Film Review: ‘No Cameras Allowed’

Sneaking into music festivals is a dick move. Artists and patrons pay to attend while vendors, staff and volunteers go to great lengths to make the festival run with as few preventable glitches as possible. And a (very) few try to attend without contributing either through money, performing or factoring into the machine that runs a music festival. No one wants to be glorified for sneaking into a festival, but James Marcus Haney thrusts himself into the spotlight in his documentary No Cameras Allowed.

No Cameras AllowedHaney claims his film is “a love letter to these festivals, in a way. And it shows them in such a great light that my goal is that people will see my film and then go and experience live music on their own.” And while there might be some who are inspired to go to these festivals as a result, how many will follow his lead and sneak in, use old/fake wristbands and not support the artists by buying a ticket? It’s the hardest aspect of the film to get around – is Haney doing damage to future festivarians or is he just pointing out flaws that need to be patched?

Along the way he gets to see some incredible music – some of it onstage and in the huddle before the headlining set (with Mumford and Sons) – and later goes on tour at an age that makes you envious of his youth and jealous of his opportunities. Sure I went to festivals at his age but damn he makes it thrilling and with the added degree of difficulty of greater surveillance, with which he gets away with it, usually.

The film is a double-edged sword with breaking into festivals, and while it is not Almost Famous for 21st century, you do get some nods to the Cameron Crowe film. With a good soundtrack – Jay-Z, Young the Giant, Mumford – No Cameras Allowed follows a journey of a 20-something through the world of music festivals. Haney doesn’t set an example that anyone should follow, but it is interesting that only large festivals were the appeal. Sure, they have the big name, but smaller festivals not being shown is both a good thing and a snub. The best festivals aren’t always the largest names, and that is proved year in, year out. Yet showing how to sneak into festivals that live year to year on ticket sales and not extensive corporate sponsorships would have been a slap in the face. Overall Haney snuck into 50 festivals but we only see the large ones. It would be interesting to see what was left on the cutting room floor/recycle bin and what didn’t make the cut.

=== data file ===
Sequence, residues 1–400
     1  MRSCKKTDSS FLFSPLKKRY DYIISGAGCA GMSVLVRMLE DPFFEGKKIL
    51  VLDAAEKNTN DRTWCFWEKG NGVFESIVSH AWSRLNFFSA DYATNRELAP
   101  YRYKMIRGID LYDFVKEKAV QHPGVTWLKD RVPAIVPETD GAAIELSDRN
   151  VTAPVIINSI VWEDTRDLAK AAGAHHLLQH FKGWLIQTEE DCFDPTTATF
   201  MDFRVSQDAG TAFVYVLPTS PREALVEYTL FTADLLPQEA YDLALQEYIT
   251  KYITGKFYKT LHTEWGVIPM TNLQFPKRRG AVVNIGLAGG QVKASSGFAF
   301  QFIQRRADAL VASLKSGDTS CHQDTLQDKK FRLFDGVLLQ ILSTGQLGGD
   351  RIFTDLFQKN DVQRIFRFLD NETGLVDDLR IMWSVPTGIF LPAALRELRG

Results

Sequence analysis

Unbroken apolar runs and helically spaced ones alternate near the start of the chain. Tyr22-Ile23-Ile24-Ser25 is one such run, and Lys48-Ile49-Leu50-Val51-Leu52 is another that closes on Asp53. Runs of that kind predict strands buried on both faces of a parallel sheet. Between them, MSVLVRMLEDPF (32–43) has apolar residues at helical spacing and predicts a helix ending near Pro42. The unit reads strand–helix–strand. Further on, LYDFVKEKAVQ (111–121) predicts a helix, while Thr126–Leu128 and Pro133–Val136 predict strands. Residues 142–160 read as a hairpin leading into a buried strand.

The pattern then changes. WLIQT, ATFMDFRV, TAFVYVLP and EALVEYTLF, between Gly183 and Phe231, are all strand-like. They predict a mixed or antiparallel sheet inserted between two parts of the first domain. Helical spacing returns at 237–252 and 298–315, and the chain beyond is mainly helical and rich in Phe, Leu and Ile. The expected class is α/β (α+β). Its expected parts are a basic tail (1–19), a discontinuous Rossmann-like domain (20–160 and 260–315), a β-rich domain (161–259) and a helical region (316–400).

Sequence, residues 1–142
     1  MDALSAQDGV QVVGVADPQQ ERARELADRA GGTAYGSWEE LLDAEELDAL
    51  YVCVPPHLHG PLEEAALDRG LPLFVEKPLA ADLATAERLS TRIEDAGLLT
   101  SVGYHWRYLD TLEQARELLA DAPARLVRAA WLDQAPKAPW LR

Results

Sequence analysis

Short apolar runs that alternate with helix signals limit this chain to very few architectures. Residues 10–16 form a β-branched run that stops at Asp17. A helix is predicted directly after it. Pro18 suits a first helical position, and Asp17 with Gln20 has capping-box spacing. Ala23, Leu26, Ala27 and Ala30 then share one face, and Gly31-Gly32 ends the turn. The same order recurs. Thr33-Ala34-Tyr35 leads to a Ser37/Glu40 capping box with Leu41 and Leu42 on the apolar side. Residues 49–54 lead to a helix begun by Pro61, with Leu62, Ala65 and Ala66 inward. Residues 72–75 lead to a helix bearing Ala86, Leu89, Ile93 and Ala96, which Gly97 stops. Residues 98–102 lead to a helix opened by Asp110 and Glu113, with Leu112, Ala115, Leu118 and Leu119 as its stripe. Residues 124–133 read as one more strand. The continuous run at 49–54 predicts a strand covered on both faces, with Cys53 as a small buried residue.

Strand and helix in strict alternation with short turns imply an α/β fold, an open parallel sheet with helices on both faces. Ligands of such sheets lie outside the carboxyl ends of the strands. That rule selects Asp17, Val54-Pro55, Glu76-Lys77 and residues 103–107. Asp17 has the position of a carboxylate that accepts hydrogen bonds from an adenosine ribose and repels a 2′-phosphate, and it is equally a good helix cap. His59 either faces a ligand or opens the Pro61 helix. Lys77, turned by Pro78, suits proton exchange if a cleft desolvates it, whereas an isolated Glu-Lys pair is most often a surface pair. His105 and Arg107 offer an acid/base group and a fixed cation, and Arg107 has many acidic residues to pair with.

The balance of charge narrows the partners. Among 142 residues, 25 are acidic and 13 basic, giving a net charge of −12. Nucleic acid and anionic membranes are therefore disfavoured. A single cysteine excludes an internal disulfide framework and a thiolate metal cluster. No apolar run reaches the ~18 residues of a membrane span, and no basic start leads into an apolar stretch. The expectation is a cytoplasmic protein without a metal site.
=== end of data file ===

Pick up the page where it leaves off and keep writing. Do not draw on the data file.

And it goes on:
We get to see Haney make his way into 4 large festivals – Coachella, Bonnaroo, Glastonbury and Austin City Limits, documenting them along the way and getting his photos into Rolling Stone while blowing off his graduation from USC to follow Mumford and Sons on the Railroad Revival Tour. The thrill is palpable and you may end up rooting for Haney, or maybe just surprised he got through security so easily, so many times and caught just as well. The relationships back at home are tested between friend and girlfriend.

Is Haney a dick? Is he a millennial getting what he thinks he is owed? Is it just for the thrill or is it to show off on camera? Watch for yourself and decide.

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